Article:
Lateral variations of size-frequency distribution in a fossil echinoid community and their palaeoecological significance
Article first published online: 9 OCT 2007
Volume 24, Issue 3, pages 299–309, July 1991
How to Cite
NERAUDEAU, D. (1991), Lateral variations of size-frequency distribution in a fossil echinoid community and their palaeoecological significance. Lethaia, 24: 299–309. doi: 10.1111/j.1502-3931.1991.tb01481.x
- Issue published online: 9 OCT 2007
- Article first published online: 9 OCT 2007
- received 15th October, 1990. revised typescript accepted 4th March. 1991.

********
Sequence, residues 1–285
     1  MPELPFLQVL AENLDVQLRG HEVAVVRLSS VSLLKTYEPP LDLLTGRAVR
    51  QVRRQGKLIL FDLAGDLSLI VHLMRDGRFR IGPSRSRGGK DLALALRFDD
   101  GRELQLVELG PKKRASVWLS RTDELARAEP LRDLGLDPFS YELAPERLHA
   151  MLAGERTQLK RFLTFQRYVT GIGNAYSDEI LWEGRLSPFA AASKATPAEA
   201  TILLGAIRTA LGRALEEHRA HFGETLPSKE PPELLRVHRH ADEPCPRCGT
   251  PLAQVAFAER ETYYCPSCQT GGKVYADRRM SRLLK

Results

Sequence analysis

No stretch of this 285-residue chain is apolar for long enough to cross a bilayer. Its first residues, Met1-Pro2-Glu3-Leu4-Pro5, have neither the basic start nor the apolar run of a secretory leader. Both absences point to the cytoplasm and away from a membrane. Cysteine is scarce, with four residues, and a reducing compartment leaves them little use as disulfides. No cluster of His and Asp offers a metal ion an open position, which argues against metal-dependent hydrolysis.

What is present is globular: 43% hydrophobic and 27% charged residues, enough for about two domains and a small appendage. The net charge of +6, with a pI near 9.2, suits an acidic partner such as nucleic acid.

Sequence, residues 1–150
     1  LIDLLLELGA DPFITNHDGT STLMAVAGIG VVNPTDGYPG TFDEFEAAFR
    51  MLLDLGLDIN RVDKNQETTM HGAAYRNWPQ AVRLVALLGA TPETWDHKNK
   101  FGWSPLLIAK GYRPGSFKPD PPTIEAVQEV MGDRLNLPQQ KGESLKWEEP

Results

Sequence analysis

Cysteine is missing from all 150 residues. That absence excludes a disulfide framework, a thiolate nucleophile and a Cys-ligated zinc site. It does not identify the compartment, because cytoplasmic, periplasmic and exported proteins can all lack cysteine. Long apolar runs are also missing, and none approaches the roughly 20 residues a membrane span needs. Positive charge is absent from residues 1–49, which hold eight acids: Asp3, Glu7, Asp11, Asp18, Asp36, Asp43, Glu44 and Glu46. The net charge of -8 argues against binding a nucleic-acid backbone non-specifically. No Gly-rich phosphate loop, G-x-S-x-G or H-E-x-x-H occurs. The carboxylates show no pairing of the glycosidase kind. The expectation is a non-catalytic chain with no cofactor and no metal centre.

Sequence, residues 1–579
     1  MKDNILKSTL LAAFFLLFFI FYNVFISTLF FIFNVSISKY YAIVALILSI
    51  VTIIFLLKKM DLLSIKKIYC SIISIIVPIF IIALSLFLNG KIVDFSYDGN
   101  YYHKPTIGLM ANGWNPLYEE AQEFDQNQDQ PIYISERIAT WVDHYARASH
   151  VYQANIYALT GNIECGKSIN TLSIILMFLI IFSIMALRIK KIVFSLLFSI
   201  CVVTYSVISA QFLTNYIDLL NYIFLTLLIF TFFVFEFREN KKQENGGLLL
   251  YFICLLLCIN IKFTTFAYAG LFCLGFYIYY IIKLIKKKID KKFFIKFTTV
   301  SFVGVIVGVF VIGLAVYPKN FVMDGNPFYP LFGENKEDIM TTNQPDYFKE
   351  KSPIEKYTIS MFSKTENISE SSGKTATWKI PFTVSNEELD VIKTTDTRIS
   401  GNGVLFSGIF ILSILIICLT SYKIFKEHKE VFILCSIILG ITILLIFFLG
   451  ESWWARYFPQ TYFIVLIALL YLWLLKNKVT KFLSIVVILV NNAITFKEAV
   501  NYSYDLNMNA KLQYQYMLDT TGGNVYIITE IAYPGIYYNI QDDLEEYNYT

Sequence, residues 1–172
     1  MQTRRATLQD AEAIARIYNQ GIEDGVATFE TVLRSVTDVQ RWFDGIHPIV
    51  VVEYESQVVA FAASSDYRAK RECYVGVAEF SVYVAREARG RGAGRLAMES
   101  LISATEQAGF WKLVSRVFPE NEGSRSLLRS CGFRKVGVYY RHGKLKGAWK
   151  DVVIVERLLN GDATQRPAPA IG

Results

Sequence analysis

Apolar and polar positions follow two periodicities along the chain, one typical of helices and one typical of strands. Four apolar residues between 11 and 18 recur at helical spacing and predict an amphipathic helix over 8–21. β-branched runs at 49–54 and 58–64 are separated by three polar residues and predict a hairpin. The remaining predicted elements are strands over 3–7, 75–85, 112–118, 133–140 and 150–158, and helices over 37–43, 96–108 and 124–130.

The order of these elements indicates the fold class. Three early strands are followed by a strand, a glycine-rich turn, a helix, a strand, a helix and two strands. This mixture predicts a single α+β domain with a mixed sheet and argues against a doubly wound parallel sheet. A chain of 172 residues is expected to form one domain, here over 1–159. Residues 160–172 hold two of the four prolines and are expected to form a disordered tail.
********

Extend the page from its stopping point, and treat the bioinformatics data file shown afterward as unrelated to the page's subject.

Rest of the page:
The analysis of size-frequency spatial distribution of three species of Cenomanian echinoids in a single fossil assemblage shows both intraspecific and interspecific horizontal segregation of the individuals parallel to the variations in silt and organic matter levels of the substrate. The exceptional preservation of echinoids. fossilized in the living position with part of their spines. and their multimodal size-frequency distribution, with no evidence of physical transportation. suggest that a catastrophic event resulted in the fossilization of the demographic structure of the populations. The assemblage. being the result of mass mortality of a community, corresponds to a census assemblage. Thus the patchy segregation of echinoids could not primarily be influenced by size-selective taphonomy (current winnowing, biological or mechanical destruction) but more likely determined by biological phcnomena like mortality and recruitment patterns, high juvenile growth, substrate selection and herd mode of life. Recent examples of spatial separation of adults and juveniles. given for different species of echinoids. show that these patchy distributions are widespread, and therefore may be a privileged source of fossil preservation of cohort's size-frequency distribution in catastrophic mortality. □Palaeoecology, size-frequency distribution, demography, echinoids. spatangoids, cassiduloids, Mecaster, Catopygus, Nucleopygus.